Kawaii is often seen as a way for young adults to escape adulthood and cherish certain elements of their childhood.

Why is Kawaii so important?

        For us to answer this question, it is important to understand the social context that allowed for kawaii culture to flourish. The economic miracle of Japan after World War II generated a powerful consumer culture that guaranteed steady and reliable jobs for millions of Japanese men - becoming one such worker, a salaryman, and putting on that eternal symbol of office servitude (the suit) was a rite of passage for the youth. However, the 1990s experienced an economic downturn, evaporating work opportunities for many Japanese young men and women that were forced to survive through precarious jobs. The subcultures that were created during that time frame was a way to rebel against both the monotony of the corporate world an the harsh confrontation with a reality that could not even provide enough monotony for financial emancipation. Kawaii is often seen as a way for young adults to escape adulthood and cherish certain elements of their childhood, imposing an over-simplification is a rather complex world.

            But this personal or social value is not the only one. Kawaii has also been linked to a more international strategy by Japan to be seen as non-threatening and cool, a kind of rebranding of Japanese culture for foreigners. In an article for the East Asia Forum, Christine Yano referred to “kawaii diplomacy”: “, strategic negotiations based upon ‘cute’ positioning. In such diplomacy, Hello Kitty represents a highly successful soft-power niche for Japan. This niche builds upon an arsenal of performed innocence that justifies retreat from responsibility.” It’s a way for Japan to exert soft power not only abroad, but also domestically - even during times of social instability, the youth is encouraged to consume and take pride in goods that appeal to innocence and a certain kind of ignorance.

            While a misfit in the Western world might definitely hang a completely overused poster of Che Guevara, a Japanese misfit has a poster of Hello Kitty with skulls. As Yano puts it: “Kawaii diplomacy builds upon affect and nostalgia, rather than on critical thinking. And in doing so throws a soft pink blanket upon the razor-sharp edges of history.”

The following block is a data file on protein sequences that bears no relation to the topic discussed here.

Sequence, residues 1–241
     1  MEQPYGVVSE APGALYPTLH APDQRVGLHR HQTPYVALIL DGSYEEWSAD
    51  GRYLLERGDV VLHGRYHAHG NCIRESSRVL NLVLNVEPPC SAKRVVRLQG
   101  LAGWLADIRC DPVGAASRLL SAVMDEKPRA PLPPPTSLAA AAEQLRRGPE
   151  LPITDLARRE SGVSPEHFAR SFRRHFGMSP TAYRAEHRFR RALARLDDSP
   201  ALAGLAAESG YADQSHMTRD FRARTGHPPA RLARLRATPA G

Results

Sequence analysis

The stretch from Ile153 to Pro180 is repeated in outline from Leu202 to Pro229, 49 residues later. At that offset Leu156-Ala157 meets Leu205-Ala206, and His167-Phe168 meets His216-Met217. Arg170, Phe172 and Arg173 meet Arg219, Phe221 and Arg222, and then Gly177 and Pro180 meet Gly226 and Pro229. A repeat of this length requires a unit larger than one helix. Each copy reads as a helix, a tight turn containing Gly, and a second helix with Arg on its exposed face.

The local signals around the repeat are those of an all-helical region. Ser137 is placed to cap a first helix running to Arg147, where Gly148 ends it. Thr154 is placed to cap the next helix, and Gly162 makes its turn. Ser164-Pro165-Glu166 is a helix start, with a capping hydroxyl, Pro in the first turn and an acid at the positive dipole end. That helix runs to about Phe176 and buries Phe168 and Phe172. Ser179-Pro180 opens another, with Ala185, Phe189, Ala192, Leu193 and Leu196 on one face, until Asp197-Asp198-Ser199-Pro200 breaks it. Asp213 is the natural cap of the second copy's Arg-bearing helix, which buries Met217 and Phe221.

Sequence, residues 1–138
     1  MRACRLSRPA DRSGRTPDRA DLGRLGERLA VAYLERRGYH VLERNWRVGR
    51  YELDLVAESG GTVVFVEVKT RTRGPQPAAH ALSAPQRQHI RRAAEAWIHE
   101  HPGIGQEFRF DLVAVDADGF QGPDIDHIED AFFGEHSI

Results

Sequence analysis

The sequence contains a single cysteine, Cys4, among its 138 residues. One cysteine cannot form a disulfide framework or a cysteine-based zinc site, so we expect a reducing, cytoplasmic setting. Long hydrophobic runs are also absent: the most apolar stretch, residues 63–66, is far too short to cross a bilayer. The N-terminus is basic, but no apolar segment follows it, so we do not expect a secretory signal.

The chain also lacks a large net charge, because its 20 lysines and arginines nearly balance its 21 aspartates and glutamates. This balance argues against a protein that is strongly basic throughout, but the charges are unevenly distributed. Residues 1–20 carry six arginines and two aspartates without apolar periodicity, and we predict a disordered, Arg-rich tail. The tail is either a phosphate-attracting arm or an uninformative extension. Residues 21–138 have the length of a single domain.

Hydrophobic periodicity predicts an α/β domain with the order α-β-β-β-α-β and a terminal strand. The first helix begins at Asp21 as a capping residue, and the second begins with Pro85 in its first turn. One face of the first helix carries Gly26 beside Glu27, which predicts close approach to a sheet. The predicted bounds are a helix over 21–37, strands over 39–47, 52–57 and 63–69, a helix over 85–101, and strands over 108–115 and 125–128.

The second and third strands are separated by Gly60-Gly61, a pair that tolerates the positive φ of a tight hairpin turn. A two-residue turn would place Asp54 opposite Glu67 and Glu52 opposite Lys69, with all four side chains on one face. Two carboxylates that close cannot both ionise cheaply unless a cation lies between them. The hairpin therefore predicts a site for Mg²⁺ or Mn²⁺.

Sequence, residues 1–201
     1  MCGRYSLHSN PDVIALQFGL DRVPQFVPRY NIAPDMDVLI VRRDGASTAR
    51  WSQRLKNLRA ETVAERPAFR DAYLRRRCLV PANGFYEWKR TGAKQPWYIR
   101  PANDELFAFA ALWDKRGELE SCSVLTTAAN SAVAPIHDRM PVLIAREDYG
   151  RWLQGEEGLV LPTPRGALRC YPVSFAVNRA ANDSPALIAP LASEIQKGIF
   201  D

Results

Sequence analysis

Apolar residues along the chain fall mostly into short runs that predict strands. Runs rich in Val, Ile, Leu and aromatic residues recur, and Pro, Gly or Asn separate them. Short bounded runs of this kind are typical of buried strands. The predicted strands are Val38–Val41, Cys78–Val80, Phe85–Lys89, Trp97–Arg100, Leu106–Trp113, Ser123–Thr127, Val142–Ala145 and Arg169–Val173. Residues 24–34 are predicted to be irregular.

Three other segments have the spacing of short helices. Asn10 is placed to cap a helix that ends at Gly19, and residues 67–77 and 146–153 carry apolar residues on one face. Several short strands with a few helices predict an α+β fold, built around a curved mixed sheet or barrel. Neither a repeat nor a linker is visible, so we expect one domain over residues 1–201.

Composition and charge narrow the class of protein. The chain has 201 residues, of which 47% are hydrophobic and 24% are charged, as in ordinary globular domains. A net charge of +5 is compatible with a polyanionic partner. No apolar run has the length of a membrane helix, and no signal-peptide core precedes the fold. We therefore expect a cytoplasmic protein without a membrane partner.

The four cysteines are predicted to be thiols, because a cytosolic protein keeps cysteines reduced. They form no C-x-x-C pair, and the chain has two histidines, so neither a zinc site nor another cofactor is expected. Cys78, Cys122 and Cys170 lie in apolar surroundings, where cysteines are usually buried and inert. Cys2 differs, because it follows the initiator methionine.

But perhaps this ideal fits with the notion of contemporary Japan as a powerful ally, but one that does not even have an army to call its own and whose culture has become influential in West through cartoons. Although Japanese reality is much more complex, kawaii does not have much space for nuance and it is determined to present a soothing version of basically everything that exists.

            Interestingly, kawaii can also used as a subversive weapon in the hands of Japanese to mock threats from outside. One example of that is the creation of ISIS-Chan, a kawaii meme against the terrorist group that was created after the beheading of Japanese journalists by the terrorists. It was created as way to hijack the ISIS violent propaganda and replace it with an amicable version of a non-terrorist mascot, with no affiliation with the group, but with the same name, thus disrupting google searches. This is a good example of how kawaii can bring people together to fight hate groups without having to find other sources of hate - instead, they put a pink cover and mock them endlessly without actually referring to them.

The protective instincts that arise when we call something kawaii are also interesting, since Japanese society is very much group-oriented rather than individualistic. By connecting people through feelings of cuteness, you might be joining people who felt too far apart from each other and encouraging them to care for one another. The only problem here is when these feelings are directed not at real people but fictional characters.

Finally, kawaii follows a familiar and traditional Japanese aesthetics in the sense that perfection is not the aim of being kawaii. Kawaii characters and aesthetics are purposely made clumsy, for example. Traditionally, Japanese people have valued the natural features of objects as a mirror of the transience and imperfection of life - a fractured bowl, for example, when repaired, retained the mark of the fracture and it made it more beautiful and not less.



Is there some downside to “kawaii culture”?

Kawaii culture has a difficult and complicated relationship with feminism. It’s emergence has been linked to the Japanese women’s emancipation - idolizing adorable and infantilizing attitudes was seen a way to soften the impact of women’s newfound freedom. Kawaii girls are not seen as threatening as the usual models of strong independent women presented by Western feminism, for example. The submission of women that some kawaii behaviours entail is a source of great anxiety for people working on the advancement of women’s rights in Japan. It is also telling that many Japanese men claim to have no desire for modern working women, most of which are in a constant battle to be taken seriously by their employers, and satisfy their sexual cravings with virtual reality and fictional characters. It is clear that, whenever sex robots become a routine commodity in Japan, they will be kawaii. Working women in high level positions who are meant to boss around men beneath them in the chain of command are not kawaii.